Shtisel is back. The third season of the popular TV series about Haredi Jews is coming to Netflix on March 25, after airing on Israeli television earlier this year. But if you just can’t wait for more nuanced, thoughtful depictions of Orthodox Judaism on screen and need your next fix, you should hear about the limited series Autonomies, created by the team that brought you Shtisel, Yehonatan Indursky and Ori Elon. Even if you’ve never seen Shtisel, but you care about interesting stories that center the Jewish experience, you should probably hear about Autonomies, too.
In the dystopian world of Autonomies, a fictional Israel is still reckoning with the aftermath of a civil war, as the country is split between the Hilonim (secular Jews) in Tel Aviv and a Haredi (ultra-Orthodox) autonomy under strict religious law in Jerusalem (a Palestinian autonomy is named, though never a focus). But the cracks are showing. Members of the Hevra Kadisha (Jews who handle the responsibilities of the deceased) use coffins to smuggle porn, pork, and other non-kosher contraband into the Haredi autonomy. Rumors abound on the possibility of unification with the rest of Israel. And one girl — born from one world, raised in the other — becomes the symbol of the country’s precariousness when the identity of her birth mother is revealed.
At the 2019 New York Jewish Film Festival, Indursky said that he was inspired by his own upbringing when co-creating this show. The writer and director grew up Haredi and studied in the Yeshiva Ponevezh in Bnei Brak before leaving that world. You can feel the lived-in quality of his writing in the mumbled brachas (blessings) over food, the way a jazz song can become a niggun (traditional melody), and the natural way details of Jewish tradition are woven into the fabric of the story. You can also feel his sense of perspective, as he navigates the story from the dual perspectives of insider and one beyond.
Haredi life is nuanced, presented with flaws and favor alike. The rebbe of the autonomy (Shuli Rand) is an inspirational figure to many, but in his amber-hued study, he reigns like Don Corleone over his council. There is beauty in ritual, but trouble brews as characters push back against the stringencies enforced by the Shomrim (Haredi police). In the heightened reality of a dystopia, Autonomies raises the stakes of tensions and temptations without declaring an explicit bad guy. The clearest stance the show takes is an opposition to walls that keep some people in and others out.
A great piece of genre storytelling will often reveal truths about the ordinary world. Autonomies is a bit of Job, a bit of Jonah — the main character, Yonah Broide (Assi Cohen), retells the latter’s story when he’s inside his own belly of the beast — and it’s also a whole lot of the sentiment of Jewish suffering expressed over and over in Tisha B’Av kinnot (elegies): “אוֹי מֶה הָיָה לָנו” (oy, what has happened to us). Following in the tradition of Fiddler on the Roof and A Serious Man, Autonomies presents Broide wondering: Why does Hashem have to do this to me?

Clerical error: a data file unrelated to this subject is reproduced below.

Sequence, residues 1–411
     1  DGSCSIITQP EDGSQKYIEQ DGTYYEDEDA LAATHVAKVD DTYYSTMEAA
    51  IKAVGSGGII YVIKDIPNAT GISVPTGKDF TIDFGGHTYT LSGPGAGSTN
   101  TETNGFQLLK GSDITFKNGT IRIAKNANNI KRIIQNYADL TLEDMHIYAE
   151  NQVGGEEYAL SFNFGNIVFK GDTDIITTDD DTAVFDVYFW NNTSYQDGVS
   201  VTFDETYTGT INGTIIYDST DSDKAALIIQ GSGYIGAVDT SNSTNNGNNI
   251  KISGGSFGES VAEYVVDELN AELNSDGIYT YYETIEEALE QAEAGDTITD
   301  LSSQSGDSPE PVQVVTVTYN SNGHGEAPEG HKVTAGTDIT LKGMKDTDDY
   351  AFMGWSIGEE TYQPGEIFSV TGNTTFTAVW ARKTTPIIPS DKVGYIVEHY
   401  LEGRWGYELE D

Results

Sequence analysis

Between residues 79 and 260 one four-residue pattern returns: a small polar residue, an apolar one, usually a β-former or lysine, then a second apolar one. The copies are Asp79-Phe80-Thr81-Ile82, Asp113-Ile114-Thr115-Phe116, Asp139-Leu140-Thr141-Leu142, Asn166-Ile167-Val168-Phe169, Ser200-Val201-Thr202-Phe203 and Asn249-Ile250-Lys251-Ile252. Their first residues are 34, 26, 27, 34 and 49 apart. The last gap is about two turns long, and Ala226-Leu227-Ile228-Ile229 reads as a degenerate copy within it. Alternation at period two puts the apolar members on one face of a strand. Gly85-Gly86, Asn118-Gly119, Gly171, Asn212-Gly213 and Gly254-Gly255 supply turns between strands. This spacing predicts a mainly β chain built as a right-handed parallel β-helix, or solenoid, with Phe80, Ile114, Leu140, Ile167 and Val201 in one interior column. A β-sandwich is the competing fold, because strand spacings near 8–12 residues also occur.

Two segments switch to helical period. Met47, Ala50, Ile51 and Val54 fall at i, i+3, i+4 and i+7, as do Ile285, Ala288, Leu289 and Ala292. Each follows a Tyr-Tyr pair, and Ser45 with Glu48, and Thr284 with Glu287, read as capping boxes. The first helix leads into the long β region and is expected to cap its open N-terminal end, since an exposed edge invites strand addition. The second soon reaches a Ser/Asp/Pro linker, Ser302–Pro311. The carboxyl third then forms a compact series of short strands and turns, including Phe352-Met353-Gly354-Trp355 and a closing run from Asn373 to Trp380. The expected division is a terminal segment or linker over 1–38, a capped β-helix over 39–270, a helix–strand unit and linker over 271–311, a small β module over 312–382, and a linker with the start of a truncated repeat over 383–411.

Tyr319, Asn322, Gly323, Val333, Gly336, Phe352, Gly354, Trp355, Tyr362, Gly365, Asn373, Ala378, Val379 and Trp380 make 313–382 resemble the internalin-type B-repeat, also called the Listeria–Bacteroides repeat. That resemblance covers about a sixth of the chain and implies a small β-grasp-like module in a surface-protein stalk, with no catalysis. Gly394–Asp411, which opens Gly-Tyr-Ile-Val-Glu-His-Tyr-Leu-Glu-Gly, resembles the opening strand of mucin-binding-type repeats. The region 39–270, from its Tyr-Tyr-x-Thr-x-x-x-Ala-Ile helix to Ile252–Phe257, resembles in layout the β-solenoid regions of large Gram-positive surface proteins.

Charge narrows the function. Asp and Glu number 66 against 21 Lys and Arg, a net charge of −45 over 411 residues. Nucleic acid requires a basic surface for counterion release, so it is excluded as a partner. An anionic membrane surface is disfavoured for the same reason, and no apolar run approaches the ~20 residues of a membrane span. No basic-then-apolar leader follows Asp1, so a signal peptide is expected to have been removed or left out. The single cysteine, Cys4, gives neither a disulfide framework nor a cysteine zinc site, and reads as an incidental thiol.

Of course, Broide’s not the only one suffering. The women of Autonomies, particularly Elka (Tali Sharon) and Batia (Dana Ivgy), reckon with the ways they are seen and ignored, as they struggle over the fate of a daughter who was switched at birth. Lawyers, husbands, police, and a rebbe push them to give up, to fight, or to endure, as they hope to hold onto a daughter thought dead by one and raised by the other. Even the girl, Goni (Nir Di-Nur), becomes seen more as a symbol of political strife than as an individual.
It’s been three years since Autonomies’ release in Israel, and it still hasn’t made much of a cultural splash in the U.S., where the show is only available on the streaming service Topic (which does offer a seven-day free trial, perfect for bingeing a three-and-a-half-hour Israeli limited series), and at the occasional film festival. I have not stopped thinking about Autonomies (no, really) since I first saw the show in 2019. Like Shtisel, it grounds its story in a reality of customs, restrictions, expectations, and self-doubt.
Watch it before you watch season 3 of Shtisel. Watch it after. Watch it and discuss it enough for the distributor, Keshet International, to make the show more widely available (is it too much to ask for an Autonomies Blu-Ray release?). Appreciate how great it is that we can have a Jewish work that is also a piece of powerful genre storytelling about division, personal struggle, and identity. And then, when you hear somebody tell you how excited they are to watch the new season of Shtisel, let them know: They need to hear about Autonomies, too.